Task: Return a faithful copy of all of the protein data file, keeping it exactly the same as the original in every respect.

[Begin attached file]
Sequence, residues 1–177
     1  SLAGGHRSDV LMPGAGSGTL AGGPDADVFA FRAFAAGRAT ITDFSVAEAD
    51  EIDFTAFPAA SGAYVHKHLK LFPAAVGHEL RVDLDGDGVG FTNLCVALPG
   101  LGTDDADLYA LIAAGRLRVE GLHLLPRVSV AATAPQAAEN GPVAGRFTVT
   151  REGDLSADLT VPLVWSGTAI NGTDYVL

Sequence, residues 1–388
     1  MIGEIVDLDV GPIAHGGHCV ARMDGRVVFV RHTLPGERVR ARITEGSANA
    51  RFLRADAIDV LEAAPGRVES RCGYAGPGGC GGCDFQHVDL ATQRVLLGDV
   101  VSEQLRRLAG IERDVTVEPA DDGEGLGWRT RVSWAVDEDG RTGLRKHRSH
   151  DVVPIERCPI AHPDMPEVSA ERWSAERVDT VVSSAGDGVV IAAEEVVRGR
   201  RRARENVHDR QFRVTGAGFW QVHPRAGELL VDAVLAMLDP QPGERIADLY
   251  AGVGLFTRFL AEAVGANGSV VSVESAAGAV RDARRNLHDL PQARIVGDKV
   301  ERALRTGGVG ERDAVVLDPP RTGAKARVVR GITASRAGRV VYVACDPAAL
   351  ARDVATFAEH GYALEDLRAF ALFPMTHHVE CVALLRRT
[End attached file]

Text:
Sequence, residues 1–177
     1  SLAGGHRSDV LMPGAGSGTL AGGPDADVFA FRAFAAGRAT ITDFSVAEAD
    51  EIDFTAFPAA SGAYVHKHLK LFPAAVGHEL RVDLDGDGVG FTNLCVALPG
   101  LGTDDADLYA LIAAGRLRVE GLHLLPRVSV AATAPQAAEN GPVAGRFTVT
   151  REGDLSADLT VPLVWSGTAI NGTDYVL

Sequence, residues 1–388
     1  MIGEIVDLDV GPIAHGGHCV ARMDGRVVFV RHTLPGERVR ARITEGSANA
    51  RFLRADAIDV LEAAPGRVES RCGYAGPGGC GGCDFQHVDL ATQRVLLGDV
   101  VSEQLRRLAG IERDVTVEPA DDGEGLGWRT RVSWAVDEDG RTGLRKHRSH
   151  DVVPIERCPI AHPDMPEVSA ERWSAERVDT VVSSAGDGVV IAAEEVVRGR
   201  RRARENVHDR QFRVTGAGFW QVHPRAGELL VDAVLAMLDP QPGERIADLY
   251  AGVGLFTRFL AEAVGANGSV VSVESAAGAV RDARRNLHDL PQARIVGDKV
   301  ERALRTGGVG ERDAVVLDPP RTGAKARVVR GITASRAGRV VYVACDPAAL
   351  ARDVATFAEH GYALEDLRAF ALFPMTHHVE CVALLRRT